(Check out our other player card posts here.)

Tim Corcoran (the First) had a fine baseball career.

Sure, he went undrafted out of Cal State at Los Angeles, but he signed a minor league free agent contract with the Detroit Tigers that June.

From there, it was a slow but direct climb up the Detroit farm ladder, including stops with the Lakeland Tigers, the Bristol Tigers, the Montgomery Rebels (twice), and the Evansville Triplets.

Then, just as the Tigers were beginning to roll out the young talent that would eventually form the core of the 1984 team that romped to a World Series victory, Corcoran forced his way to The Show.

On May 18, 1977, at the age of 24, Corcoran made his Big League debut as a designated hitter, collecting a walk and a run that day against the Texas Rangers in a game the Tigers lost 6-3. Corcoran’s teammates in that game included Ron LeFlore, Ben Oglivie, Steve Kemp, and veteran pitcher John Hiller.

Notably absent — from a 21st-century perspective — are Alan Trammell, Lou Whitaker, Lance Parrish, and Jack Morris, all of whom would debut later in the season.

In all, Corcoran made 55 appearances for Detroit that season, hitting .282 with three homers.

It was enough for Topps to issue his rookie card in 1978:

1978 Topps Tim Corcoran

Check prices on eBay (affiliate link)

Check prices on Amazon (affiliate link)

And even with the influx of soon-to-be big names, it was also enough for the Tigers to take a longer look at Corcoran the next season. He made 85 starts in right field in 1978 among his 116 total games played, platooning in right with John Wockenfuss and Mickey Stanley.

That summer, Corcoran batted .265 with one home run and 27 runs batted.

Judging by his appearance in the 1979 Topps set, those numbers must have inspired visions of grandeur for Corcoran … or for Topps … or for some other misguided soul.

Back in the late 1950s and early 1960s, when Roger Maris was rising among the ranks of American League power hitters, first with the Kansas City A’s and then with the New York Yankees, his powerful left-handed follow-through was one of the most famous poses in the game.

Topps capitalized on this Maris signature in both 1959 and 1962. That 1962 Topps card has become iconic as the #1 card in the famous woodgrain-bordered set and as the first card showing “61” on the back to denote the number of home runs Maris hit in 1961 to break Babe Ruth‘s single-season record.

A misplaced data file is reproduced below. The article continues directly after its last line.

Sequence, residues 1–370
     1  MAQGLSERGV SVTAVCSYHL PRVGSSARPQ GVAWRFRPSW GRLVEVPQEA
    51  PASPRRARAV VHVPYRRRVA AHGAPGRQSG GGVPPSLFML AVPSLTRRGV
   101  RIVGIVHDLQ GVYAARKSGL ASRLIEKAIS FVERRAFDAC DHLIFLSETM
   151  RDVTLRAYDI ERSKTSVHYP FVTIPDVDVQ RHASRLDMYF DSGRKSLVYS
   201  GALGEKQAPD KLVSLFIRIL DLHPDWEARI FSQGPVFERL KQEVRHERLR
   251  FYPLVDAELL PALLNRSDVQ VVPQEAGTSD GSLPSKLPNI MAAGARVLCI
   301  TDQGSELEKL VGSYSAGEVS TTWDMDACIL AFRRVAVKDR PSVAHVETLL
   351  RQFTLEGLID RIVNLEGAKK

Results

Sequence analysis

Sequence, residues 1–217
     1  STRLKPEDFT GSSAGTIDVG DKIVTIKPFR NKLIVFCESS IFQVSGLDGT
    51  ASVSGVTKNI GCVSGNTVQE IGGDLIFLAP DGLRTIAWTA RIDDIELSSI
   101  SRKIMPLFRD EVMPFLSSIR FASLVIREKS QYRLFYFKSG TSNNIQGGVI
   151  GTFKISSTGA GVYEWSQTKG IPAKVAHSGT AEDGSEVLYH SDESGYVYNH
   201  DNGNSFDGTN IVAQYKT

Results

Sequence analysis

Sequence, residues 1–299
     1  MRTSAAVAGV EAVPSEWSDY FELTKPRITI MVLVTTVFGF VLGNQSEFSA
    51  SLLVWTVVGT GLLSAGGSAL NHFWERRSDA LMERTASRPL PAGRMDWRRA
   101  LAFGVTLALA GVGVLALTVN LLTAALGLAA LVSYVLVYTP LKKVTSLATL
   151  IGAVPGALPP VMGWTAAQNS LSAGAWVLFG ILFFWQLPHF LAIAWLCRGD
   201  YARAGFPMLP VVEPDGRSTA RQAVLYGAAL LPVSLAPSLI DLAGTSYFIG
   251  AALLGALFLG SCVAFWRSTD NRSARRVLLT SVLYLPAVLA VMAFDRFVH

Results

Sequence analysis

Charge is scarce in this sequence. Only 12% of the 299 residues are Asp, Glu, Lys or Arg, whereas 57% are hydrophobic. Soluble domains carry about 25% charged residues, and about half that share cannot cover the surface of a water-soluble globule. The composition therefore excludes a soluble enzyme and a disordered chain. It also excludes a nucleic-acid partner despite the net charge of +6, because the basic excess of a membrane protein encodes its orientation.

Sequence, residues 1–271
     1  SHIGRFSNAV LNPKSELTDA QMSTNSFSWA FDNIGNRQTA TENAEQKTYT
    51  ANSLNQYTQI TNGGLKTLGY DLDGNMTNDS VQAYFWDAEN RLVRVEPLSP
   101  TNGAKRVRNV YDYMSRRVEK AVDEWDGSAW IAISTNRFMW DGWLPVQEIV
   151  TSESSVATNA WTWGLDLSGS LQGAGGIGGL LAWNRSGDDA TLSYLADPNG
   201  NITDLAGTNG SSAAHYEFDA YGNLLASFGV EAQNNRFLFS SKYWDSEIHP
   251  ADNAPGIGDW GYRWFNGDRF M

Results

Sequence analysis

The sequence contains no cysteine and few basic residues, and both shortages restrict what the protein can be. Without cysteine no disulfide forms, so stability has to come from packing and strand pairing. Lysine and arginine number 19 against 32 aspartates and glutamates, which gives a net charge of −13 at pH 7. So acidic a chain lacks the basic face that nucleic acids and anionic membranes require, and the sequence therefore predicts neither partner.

And because of that majestic follow-through, of course.

1962 Topps Roger Maris

Check prices on eBay (affiliate link)

Check prices on Amazon (affiliate link)

Maris holds his ribcage and hands high as the bat whips behind his right shoulder, and his forlorn eyes look toward an unseen horizon where his friend — the baseball — disappears forever.

It is, indeed, an iconic image. Depending on your point of view, it’s also heroic, romantic, maybe even tragic.

Younger collectors might not have noticed the nod to Maris when they first pulled the 1979 Topps Tim Corcoran card from packs that spring.

But you can be sure their older brothers or dads did.

There, on card #272, Corcoran stands with his hands and elbows and ribcage held high as he finishes his follow-through, bat whipping around behind … well, behind his head.

Corcoran looks like he was walking toward the batter’s box with his bat in front of him when someone suddenly flung a big, hairy spider toward his face. He flinched and bent backward to avoid the beast, throwing up a left elbow in a final attempt to protect himself from the fangs of death hurtling his direction.

As his expression transitioned from the mild joy of being at the ballpark on a sunny day to fear and shock … the Topps photographer struck.

1979 Topps Tim Corcoran

Check prices on eBay (affiliate link)

Check prices on Amazon (affiliate link)

It’s not Roger Maris, not by a longshot.

It’s also not an iconic or heroic or romantic shot.

But it is comic. And it evokes an instant reaction when you see it, right? Giggles, back spasms, cringes  — all are on the table.

It’s also the most remarkable baseball card of Corcoran’s career, celebrating the most remarkable season of his career.

He never again played in as many games as he did in 1978, and he was with the Philadelphia Phillies by the time the Tigers became The Tigers in the 1980s.

But Corcoran will always be able to say he collected 283 hits over nine Major League seasons.

And he’ll always have a 1979 Topps baseball card that is among the most painful-looking in hobby history.

How many of us can say the same?

(Check out our other player card posts here.)

1979 Topps - #272 Tim Corcoran

$0.02 ( 1 Bid)
End Date: Tuesday 07/23/2024 10:20:12 EDT
Bid now | Add to watch list


End Date: Wednesday 08/14/2024 17:09:14 EDT
Buy it now | Add to watch list